NEWPORT — The N.C. Coastal Federation has met the goal, and then some, of its end-of-year fundraising effort for the organization’s Recycle for Reefs program.
The NCCF, a nonprofit based in Carteret County dedicated to protecting the coastal environment in North Carolina, received a $30,000 matching fundraising challenge from two anonymous donors in December, according to coastal education coordinator Rachel Bisesi. Ms. Bisesi said federation supporters across the nation “responded enthusiastically” to meet the challenge, “raising a total of over $60,000 to support the expansion of the Recycle for Reefs (program) in 2022.”
“We’re thrilled by this outpouring of support for the shell recycling program,” said NCCF development director Sarah King in a Wednesday email to the News-Times, “and look forward to being able to put more shells back into the ecosystem rather than into the landfill.”
This funding will go toward expanding the recycling program by adding 30 new locations where coastal residents and businesses may drop off oyster shells. The federation uses these shells to create oyster sills and to spread along water bottoms to encourage wild oyster growth.
“We’ve already started work to expand into neighboring counties and intend to establish more sites in Carteret County in the future,” Ms. Bisesi said. “Restaurants have been a wonderful partner (in the program), in addition to public shell recycling locations.”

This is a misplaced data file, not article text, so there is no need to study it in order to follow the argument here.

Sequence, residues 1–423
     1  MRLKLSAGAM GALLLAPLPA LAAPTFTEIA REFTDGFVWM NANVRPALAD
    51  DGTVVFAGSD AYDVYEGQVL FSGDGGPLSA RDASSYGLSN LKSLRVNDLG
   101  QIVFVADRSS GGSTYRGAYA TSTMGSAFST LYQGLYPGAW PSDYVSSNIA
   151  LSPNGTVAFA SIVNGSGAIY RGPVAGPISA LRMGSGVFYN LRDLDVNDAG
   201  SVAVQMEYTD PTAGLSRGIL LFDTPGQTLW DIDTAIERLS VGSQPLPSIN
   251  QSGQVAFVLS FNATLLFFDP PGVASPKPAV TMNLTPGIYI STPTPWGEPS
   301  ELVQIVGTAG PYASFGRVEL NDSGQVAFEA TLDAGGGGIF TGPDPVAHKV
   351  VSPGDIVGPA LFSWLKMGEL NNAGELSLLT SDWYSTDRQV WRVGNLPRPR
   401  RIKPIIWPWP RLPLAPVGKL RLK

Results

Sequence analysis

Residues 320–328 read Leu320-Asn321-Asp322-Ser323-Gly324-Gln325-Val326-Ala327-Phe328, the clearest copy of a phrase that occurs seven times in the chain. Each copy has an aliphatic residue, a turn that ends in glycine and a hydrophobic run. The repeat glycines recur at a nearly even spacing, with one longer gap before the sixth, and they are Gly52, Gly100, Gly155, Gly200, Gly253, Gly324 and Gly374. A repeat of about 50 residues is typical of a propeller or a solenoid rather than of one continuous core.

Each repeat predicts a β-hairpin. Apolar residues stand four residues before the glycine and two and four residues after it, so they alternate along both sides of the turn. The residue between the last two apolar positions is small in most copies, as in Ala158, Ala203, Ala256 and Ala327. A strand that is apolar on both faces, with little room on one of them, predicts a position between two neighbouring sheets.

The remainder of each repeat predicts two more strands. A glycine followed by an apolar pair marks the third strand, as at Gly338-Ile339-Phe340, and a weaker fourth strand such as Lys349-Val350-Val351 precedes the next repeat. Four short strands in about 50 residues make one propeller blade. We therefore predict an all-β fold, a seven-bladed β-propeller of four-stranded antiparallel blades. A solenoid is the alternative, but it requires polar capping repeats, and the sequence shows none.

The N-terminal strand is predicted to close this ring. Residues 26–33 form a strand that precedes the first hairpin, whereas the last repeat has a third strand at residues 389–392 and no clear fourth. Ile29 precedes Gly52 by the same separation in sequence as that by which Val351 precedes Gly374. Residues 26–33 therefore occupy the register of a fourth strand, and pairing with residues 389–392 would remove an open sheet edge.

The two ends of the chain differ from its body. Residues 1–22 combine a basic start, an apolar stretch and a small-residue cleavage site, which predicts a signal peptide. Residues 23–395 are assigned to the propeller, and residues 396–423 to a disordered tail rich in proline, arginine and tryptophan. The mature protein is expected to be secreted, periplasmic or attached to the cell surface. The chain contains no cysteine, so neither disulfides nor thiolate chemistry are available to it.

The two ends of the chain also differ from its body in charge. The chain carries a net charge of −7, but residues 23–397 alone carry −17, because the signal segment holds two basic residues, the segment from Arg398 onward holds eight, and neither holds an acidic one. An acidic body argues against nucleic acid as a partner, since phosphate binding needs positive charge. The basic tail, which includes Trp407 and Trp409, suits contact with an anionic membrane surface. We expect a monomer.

The federation collects thousands of bushels of oyster shells through the recycling program every year. In 2021, the NCCF received 4,000 bushels total, and Ms. Bisesi said they’re “eager to increase that amount in 2022.”
“We recently installed a trailer for oyster shell recycling in front of our headquarters office in Ocean,” she said, referring to the community of Ocean on Highway 24, “and welcome anyone to drop off shells year-round.”
Ms. Bisesi went on to say the recycling program is important to the NCCF’s coastal environment restoration and protection efforts, providing material for living shorelines, oyster restoration and water quality projects.
“Baby oysters need a hard surface to grow on, and the recycle shells provide a preferred substrate for them to attach and grow,” she said. “One adult oyster can filter up to 50 gallons of water a day, so once live oysters begin growing on the recycled shells, it promotes clean water and improves the quality of our estuaries. New and restored oyster reefs also reduce soundside erosion and provide important habitat for fish, crabs, shrimp and other marine life.”
More information on the NCCF oyster shell recycling program is available at the website nccoast.org/project/oyster-shell-recycling-program/.
Reporter's note: This article and headline were corrected at 3 p.m. Monday, Jan. 10, 2022. The original article said the coastal federation raised over twice its goal. This was inaccurate.
Contact Mike Shutak at 252-723-7353, email email@example.com; or follow on Twitter at @mikesccnt.